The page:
FUS is a disease of the urinary bladder and urethra in cats. Female cats develop signs of cystitis (bladder infection). They will urinate frequently, often passing small amounts of bloody urine at the end of the stream. Cats with cystitis (bladder infection) often urinate outside the litterbox.

Male cats also show the same signs of cystitis, but males have a deadly component to their bladder infections. They may develop a total urethral obstruction preventing elimination of urine.

Urethral obstruction is caused by a mucus plug lodged in the urethra (the passage through which urine is eliminated from the body). The urethra in male cats is longer and narrower than in female cats, making obstruction more likely in males.

Total obstruction leads to retention of urine containing body wastes, imbalance of the electrolytes (potassium, sodium, etc.) of the body, and kidney damage. Loss of appetite, depression, and vomiting are common signs of urethral obstruction. If the mucus plug is not removed, coma follows and death results.

The specific cause of FUS is not well understood and is being extensively studied. The presence of mineral crystals in the urine and the acidity of the urine are also considered important factors. Struvite crystals are present in the mucus plugs that cause urethral obstruction. The crystals dissolve harmlessly in acidic urine but crystalize dangerously in alkaline urine.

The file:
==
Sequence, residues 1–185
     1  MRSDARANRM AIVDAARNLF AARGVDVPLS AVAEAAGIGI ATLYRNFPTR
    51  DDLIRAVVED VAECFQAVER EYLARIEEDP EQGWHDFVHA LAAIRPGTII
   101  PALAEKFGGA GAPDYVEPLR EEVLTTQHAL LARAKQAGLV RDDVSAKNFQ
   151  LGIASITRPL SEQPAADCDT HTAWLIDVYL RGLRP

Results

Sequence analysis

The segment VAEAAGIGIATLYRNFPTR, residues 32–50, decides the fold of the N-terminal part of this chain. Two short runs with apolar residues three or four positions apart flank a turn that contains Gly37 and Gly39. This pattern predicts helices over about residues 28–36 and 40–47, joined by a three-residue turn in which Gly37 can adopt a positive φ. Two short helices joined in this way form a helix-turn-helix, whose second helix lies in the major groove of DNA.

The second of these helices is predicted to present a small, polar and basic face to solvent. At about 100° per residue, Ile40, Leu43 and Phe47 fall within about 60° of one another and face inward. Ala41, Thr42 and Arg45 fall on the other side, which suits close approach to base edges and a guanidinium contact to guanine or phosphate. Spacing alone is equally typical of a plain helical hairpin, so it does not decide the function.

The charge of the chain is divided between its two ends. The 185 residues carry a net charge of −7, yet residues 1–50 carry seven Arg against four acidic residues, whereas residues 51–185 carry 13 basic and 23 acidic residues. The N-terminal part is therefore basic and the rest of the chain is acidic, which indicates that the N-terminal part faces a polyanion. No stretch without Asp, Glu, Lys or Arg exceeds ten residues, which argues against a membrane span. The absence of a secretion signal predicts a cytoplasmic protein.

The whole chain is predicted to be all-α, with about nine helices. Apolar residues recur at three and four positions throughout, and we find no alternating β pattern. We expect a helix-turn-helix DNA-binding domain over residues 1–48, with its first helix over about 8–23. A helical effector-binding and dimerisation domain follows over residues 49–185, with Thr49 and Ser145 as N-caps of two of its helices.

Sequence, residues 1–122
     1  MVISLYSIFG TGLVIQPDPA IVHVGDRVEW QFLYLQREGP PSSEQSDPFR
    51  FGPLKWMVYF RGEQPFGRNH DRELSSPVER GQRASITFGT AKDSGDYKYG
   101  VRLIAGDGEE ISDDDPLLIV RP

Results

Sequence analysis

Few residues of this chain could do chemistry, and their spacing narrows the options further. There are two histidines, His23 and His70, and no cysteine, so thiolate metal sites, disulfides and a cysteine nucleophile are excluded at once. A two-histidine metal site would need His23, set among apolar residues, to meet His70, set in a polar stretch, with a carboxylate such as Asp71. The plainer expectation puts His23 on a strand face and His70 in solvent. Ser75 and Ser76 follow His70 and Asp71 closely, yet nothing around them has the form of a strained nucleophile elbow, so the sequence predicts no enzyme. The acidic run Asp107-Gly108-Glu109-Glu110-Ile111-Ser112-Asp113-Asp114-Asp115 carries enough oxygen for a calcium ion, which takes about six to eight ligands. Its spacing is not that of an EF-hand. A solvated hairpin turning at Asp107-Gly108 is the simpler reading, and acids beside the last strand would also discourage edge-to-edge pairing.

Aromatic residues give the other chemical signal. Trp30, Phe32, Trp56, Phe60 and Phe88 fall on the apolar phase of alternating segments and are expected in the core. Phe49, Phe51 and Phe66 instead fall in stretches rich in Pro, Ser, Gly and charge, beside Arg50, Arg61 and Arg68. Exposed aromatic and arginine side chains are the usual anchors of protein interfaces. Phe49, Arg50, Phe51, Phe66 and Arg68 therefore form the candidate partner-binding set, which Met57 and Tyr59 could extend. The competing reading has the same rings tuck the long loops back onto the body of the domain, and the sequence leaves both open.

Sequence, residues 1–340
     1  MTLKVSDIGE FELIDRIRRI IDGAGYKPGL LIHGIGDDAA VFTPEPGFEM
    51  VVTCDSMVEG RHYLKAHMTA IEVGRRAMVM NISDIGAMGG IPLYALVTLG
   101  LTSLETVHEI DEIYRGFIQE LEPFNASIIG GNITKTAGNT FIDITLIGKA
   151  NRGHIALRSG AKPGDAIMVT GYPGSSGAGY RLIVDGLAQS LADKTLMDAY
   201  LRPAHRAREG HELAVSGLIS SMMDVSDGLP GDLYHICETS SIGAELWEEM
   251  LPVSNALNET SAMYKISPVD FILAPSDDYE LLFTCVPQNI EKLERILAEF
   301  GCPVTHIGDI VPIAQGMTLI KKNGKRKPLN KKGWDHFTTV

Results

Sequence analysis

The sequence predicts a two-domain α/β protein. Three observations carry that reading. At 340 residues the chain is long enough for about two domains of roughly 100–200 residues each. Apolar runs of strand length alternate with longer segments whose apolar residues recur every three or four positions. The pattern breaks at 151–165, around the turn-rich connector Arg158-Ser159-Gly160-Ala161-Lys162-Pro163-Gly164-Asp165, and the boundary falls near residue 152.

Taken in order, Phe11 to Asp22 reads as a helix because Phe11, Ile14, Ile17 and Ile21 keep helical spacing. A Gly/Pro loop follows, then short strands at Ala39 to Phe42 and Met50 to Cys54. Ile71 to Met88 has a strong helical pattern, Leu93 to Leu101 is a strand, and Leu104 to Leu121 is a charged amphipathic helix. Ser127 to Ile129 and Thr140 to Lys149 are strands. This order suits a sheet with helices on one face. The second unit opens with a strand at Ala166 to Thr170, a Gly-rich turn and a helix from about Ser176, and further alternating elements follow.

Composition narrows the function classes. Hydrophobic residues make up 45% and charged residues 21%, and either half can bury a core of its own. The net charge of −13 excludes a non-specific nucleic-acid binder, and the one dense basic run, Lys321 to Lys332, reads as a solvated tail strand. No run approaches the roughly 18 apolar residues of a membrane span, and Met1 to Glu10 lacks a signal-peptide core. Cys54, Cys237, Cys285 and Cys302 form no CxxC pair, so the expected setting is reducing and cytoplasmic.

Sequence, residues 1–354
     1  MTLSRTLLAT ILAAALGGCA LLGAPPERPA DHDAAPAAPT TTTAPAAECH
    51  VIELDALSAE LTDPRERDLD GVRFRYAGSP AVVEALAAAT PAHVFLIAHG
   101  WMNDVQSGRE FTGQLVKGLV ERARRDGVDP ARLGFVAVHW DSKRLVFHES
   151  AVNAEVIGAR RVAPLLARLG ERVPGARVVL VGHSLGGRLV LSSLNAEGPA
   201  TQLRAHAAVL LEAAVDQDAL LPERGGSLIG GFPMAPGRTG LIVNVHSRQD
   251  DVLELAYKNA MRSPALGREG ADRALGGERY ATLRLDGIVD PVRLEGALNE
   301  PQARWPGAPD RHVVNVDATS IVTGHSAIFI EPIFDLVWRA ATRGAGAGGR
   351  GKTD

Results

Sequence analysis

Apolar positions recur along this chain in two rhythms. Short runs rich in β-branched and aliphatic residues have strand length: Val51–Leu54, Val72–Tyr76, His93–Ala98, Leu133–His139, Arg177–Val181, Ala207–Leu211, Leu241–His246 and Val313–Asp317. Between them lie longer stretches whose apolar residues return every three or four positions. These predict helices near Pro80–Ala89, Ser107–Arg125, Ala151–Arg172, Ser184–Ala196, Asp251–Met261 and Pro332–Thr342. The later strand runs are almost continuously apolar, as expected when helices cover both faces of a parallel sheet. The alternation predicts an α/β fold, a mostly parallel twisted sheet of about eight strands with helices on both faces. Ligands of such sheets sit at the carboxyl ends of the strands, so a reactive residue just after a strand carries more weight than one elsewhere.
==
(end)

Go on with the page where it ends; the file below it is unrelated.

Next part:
Feline Urological Syndrome (FUS) is characterized by frequent urination, often outside of the litter box, and/or blood in the urine, and finally straining to urinate (staying in the box for long periods, often confused with constipation).

Diagnosis is made by palpating a baseball sized hard round bladder in the abdomen accompanied by cries of pain. Radiographs may be recommended to determine the presence of bladder stones. This “syndrome” is seen in all age cats, however, obese cats and cats fed high magnesium diets are at a greater risk. Male cats are at a higher risk to become obstructed, or blocked (unable to pass urine) due to crystals or stones in the urethra. Any cat that strains to urinate without actually passing urine, is depressed, starts vomiting, or appears to have a painful abdomen is considered a life threatening emergency. Seek veterinary care immediately.

Treatment of FUS includes antibiotic therapy and possible diet change. Surgery is necessary if bladder stones are present and catheterization is required if obstruction is present. Catheterization should be provided at least 3-4 days before being removed.